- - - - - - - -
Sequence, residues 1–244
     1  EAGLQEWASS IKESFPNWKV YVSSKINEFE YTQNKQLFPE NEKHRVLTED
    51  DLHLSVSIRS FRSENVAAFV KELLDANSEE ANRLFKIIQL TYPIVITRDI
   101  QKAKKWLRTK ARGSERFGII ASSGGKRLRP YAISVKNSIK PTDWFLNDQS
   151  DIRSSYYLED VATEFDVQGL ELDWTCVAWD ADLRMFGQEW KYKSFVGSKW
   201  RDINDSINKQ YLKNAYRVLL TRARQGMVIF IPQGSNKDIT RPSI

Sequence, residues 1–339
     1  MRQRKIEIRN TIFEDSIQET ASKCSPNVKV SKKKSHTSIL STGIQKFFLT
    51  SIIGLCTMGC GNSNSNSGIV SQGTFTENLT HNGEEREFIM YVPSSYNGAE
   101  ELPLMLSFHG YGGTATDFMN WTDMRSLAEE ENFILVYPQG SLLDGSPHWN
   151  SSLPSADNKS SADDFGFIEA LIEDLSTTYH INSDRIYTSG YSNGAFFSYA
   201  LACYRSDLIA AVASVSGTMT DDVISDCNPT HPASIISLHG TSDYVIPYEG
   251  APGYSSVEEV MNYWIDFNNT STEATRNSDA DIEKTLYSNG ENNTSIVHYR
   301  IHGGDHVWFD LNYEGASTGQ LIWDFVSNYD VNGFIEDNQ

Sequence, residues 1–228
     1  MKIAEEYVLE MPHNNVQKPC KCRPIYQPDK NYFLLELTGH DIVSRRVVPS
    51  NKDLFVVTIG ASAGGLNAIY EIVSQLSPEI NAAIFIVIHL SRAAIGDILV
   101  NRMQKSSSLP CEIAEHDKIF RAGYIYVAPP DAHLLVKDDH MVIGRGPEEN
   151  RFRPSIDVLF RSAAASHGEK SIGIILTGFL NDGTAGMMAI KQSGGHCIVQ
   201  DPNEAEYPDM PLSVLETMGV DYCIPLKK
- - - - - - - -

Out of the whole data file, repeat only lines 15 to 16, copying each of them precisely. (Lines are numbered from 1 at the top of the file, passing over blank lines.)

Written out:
Sequence, residues 1–228
     1  MKIAEEYVLE MPHNNVQKPC KCRPIYQPDK NYFLLELTGH DIVSRRVVPS